Wednesday, August 27, 2008

Helping others help themselves

So for the past few weeks I've been contacting every tutor/mentor program in Chicagoland to make sure that we have the most up to date information in our Tutor/Mentor Program Locator, a website that we host that has information about every organization offering youth tutoring and/or mentoring in Chicagoland. This website serves as a resource for parents and students looking for particular programs in their neighborhood, as it maps the locations of all the programs using an easy-to-use interface. Each organization has their own profile that we have encouraged them to update themselves. One section of each profile consists of a series of survey questions about the specifics of their organization, the difficulties they face and the strategies they use to surmount these challenges. However, as the interface is not very intuitive from an organizational standpoint, the grand majority of these profiles haven't been completely updated in a while. As you can imagine, it has been a bit of a struggle to get in touch with the right people at each organization, given the peculiarities of the non-profit world and how nobody ever seems to answer the phone when you need them to. Anyway, the most important aspect of this recent round of phone calls that I've been making is that I've been forming or rekindling relationships between the Tutor/Mentor Connection and the program coordinators at the various organizations and informing them as to the mutual benefit of keeping their profile updated to reflect their current offerings. Fortunately, one of our volunteers, Ganeesh, has been working on a way to make the program locator interface much more robust and easy to use, which will encourage more organizations to keep their profiles updated.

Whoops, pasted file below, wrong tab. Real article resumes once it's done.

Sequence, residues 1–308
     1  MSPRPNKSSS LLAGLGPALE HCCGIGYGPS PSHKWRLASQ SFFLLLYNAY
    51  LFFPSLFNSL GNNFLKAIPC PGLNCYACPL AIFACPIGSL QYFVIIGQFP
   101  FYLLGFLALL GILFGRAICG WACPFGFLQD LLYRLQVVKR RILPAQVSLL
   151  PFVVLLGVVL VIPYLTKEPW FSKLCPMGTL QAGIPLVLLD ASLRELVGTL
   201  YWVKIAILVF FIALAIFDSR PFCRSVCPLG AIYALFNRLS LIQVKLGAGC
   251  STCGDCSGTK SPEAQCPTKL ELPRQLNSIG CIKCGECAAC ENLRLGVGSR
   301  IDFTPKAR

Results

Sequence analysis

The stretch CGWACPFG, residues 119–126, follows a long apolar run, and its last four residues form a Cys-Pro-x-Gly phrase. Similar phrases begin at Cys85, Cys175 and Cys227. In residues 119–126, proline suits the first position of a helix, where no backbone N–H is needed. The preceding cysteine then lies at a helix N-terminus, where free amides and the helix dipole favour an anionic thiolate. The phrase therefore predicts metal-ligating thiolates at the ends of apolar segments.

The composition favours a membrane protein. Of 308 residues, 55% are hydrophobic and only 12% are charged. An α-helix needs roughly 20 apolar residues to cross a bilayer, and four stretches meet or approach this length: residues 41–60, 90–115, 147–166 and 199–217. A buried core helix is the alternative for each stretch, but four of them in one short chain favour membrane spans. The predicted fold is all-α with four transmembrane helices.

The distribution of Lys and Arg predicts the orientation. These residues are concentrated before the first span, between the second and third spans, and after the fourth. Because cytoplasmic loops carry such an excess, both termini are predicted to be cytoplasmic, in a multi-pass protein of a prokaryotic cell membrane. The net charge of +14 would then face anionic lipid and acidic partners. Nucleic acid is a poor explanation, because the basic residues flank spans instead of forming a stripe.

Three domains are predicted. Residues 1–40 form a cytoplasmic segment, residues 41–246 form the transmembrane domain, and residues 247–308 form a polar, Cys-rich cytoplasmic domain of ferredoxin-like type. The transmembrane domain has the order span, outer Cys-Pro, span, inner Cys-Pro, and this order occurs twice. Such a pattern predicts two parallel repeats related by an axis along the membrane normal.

If more organizations keep their profiles updated, not only will they receive more inquiries about programming, because our site already receives hundreds of visits each month, but they will also encourage more people to use the site, raising the overall profile of tutoring/mentoring programs in Chicagoland and contributing, via the organizational surveys, to an increased shared knowledge base of successful strategies from which all programs can benefit.

This strategy, to provide a resource and then empower others to take advantage of that resource, make it their own, and use it to accomplish shared goals, is one that we utilize a lot here at Cabrini Connections and Tutor/Mentor Connection and is a necessary one in the non-profit world where we simply lack the resources to do everything ourselves. For example, with our various clubs, such as art club, tech club or the upcoming African Drum and Dance Club, we (Cabrini Connections) provide the space and other resources, (supplies, computers, snacks...etc) , while we empower volunteers to run and organize the clubs with relatively minimal oversight.

Same with our two annual conferences, we offer a space to meet and schedule speakers and workshop facilitators, but it is the participants of the conference that really create the content and the positive results of the conference. It is through their networking and exchange of ideas, that tutor/mentor programs are founded, improved or supported to a greater degree both financially and in terms of volunteers, all outcomes that lead to our goal of making effective tutor/mentor programs available to all youth who could potentially benefit.

Since our program is entirely voluntary for the youth who participate, this model, of providing opportunities for people to help themselves, is at the core of our mission as a tutor/mentor organization. Youth are attracted to our program because they see it as something that will help them succeed, yet it is through their willingness to enter into a one on one mentoring relationship and their active engagement with their tutor/mentor that they achieve the best possible outcomes. When these youth do end up succeeding, staying out of trouble, going to college, and entering the workforce, our organization stands to benefit as well because their success attests to our effectiveness, which we can use to secure more funding, greater volunteer involvement...etc to continue this cycle of increasingly positive outcomes. Seems to me like a win-win situation- helping at-risk youth help themselves, while helping our organization further its own goals at the same time. Not a bad model, eh?


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